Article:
Ellis Island

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Ellis Island,

island, c.27 acres (10.9 hectares), in Upper New York Bay, SW of Manhattan island. Government-controlled since 1808, it was long the site of an arsenal and a fort, but most famously served (1892–1954) as the chief immigration station of the United States. It is estimated that 40% of all Americans had an ancestor arrive at Ellis Island. Now part of the Statue of Liberty National Monument (see Liberty, Statue ofLiberty, Statue of,
statue on Liberty Island in Upper New York Bay, commanding the entrance to New York City. Liberty Island, c.10 acres (4 hectares), formerly Bedloe's Island (renamed in 1956), was the former site of a quarantine station and harbor fortifications.
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), the island was opened to tourists in 1976. In 1990 an immigration museum was opened, and many records of immigrant arrivals have been computerized and are available there and on line. In 1998 the U.S. Supreme Court ruled that, pursuant to an 1834 interstate compact, only the original 3.3 acres (1.3 hectares) belong to New York, the remainder (created by landfill operations) belongs to New Jersey. See also Angel IslandAngel Island,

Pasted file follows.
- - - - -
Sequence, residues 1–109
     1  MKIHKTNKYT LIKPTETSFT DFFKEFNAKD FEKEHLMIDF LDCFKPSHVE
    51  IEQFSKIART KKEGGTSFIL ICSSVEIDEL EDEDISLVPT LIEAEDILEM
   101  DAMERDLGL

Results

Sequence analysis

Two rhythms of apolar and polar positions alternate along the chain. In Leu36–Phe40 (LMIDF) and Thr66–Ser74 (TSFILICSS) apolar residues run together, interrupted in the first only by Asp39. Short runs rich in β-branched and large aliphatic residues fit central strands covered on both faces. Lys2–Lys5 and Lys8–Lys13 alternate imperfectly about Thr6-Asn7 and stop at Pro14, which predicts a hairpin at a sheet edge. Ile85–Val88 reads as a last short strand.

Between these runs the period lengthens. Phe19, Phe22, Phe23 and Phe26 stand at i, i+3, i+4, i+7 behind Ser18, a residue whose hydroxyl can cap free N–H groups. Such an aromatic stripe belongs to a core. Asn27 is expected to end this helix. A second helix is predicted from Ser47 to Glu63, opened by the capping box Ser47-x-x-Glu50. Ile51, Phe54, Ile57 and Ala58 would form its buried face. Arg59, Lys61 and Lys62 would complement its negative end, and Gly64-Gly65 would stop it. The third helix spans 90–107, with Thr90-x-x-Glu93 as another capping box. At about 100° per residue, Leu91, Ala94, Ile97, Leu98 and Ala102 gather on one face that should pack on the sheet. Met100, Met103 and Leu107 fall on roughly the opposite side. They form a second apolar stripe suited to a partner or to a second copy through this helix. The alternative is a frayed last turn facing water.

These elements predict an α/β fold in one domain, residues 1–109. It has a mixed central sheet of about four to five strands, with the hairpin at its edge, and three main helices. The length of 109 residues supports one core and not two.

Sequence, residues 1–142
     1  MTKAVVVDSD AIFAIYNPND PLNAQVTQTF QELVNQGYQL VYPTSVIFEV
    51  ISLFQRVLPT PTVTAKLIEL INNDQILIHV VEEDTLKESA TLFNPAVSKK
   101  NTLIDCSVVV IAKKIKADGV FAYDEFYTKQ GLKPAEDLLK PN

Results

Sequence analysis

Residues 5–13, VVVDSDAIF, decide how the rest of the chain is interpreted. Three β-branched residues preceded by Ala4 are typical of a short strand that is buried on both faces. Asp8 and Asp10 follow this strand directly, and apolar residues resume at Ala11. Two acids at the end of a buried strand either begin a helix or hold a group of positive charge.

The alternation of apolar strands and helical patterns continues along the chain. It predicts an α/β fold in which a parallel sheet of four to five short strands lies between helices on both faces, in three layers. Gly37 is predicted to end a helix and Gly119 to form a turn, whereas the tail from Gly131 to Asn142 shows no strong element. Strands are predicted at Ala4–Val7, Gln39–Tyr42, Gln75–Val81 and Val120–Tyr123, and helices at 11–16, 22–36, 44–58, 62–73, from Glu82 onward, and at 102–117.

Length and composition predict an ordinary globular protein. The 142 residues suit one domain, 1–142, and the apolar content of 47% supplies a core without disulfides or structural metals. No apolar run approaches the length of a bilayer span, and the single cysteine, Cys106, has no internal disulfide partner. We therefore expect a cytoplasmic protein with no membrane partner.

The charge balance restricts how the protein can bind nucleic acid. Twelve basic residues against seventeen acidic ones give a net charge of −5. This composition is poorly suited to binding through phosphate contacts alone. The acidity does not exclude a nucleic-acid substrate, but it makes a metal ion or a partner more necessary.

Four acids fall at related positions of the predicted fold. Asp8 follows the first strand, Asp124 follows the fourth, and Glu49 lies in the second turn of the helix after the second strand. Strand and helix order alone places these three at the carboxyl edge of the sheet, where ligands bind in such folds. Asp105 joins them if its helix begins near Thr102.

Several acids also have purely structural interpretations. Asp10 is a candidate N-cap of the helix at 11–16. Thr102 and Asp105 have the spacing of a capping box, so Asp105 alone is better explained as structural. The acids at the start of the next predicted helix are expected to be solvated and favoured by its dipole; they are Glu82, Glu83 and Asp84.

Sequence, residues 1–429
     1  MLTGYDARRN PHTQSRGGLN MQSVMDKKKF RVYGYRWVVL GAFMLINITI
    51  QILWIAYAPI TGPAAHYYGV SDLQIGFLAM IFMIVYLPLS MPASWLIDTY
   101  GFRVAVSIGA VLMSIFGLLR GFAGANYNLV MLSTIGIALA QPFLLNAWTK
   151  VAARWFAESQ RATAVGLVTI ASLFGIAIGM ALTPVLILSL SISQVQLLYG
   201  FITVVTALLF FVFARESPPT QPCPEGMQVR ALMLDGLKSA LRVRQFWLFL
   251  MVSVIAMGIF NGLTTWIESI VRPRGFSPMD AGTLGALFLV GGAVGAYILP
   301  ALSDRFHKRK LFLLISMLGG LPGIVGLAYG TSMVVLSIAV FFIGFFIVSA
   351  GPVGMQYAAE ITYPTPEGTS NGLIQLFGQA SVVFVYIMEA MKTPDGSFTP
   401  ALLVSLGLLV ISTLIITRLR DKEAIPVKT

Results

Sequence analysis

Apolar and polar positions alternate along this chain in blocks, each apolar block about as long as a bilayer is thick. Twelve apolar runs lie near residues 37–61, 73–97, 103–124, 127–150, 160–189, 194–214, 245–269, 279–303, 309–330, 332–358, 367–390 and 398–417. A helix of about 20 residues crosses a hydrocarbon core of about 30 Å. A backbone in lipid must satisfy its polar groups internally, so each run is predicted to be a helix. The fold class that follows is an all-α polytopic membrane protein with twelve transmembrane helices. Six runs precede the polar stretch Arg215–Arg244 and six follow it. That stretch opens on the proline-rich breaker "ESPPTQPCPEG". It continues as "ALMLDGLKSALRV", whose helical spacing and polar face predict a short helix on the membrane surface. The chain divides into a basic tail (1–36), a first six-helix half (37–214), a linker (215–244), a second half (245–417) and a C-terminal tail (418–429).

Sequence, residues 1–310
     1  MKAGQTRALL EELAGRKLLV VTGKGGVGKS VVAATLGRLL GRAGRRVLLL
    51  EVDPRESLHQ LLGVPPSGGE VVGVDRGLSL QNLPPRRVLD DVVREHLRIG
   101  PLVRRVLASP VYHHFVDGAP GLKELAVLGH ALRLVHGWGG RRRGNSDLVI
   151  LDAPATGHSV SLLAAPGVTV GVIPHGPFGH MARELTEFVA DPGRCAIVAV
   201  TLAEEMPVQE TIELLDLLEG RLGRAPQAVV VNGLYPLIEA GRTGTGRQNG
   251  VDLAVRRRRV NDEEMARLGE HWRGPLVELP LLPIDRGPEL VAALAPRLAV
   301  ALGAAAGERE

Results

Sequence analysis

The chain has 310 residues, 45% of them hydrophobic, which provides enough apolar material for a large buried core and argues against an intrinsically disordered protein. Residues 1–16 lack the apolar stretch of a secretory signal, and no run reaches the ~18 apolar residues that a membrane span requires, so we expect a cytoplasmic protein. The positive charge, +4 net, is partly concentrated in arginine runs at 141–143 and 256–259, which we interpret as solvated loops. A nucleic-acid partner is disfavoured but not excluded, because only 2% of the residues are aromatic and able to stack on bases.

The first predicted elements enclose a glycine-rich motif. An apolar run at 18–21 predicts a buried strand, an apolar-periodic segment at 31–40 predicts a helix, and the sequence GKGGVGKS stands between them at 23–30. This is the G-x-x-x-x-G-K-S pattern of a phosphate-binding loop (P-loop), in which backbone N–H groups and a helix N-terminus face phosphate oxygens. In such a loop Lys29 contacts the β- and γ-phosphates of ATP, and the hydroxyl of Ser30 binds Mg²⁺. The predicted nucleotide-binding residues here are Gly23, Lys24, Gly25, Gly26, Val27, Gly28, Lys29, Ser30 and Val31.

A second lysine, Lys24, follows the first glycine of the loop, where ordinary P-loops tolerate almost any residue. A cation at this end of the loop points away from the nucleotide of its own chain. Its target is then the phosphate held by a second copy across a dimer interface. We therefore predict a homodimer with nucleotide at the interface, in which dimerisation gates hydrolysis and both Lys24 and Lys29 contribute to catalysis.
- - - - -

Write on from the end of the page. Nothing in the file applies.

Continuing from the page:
largest island in San Francisco Bay, W Calif. Explored by the Spanish in 1775, it came under U.S. control in 1851. The U.S. army used the island as a base from 1863 to 1946, and from 1955 to 1962 a radar and missile site was there.
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Ellis Island

immigration center where many families were separated; “isle of tears.” [Am. Hist.: Flexner, 193]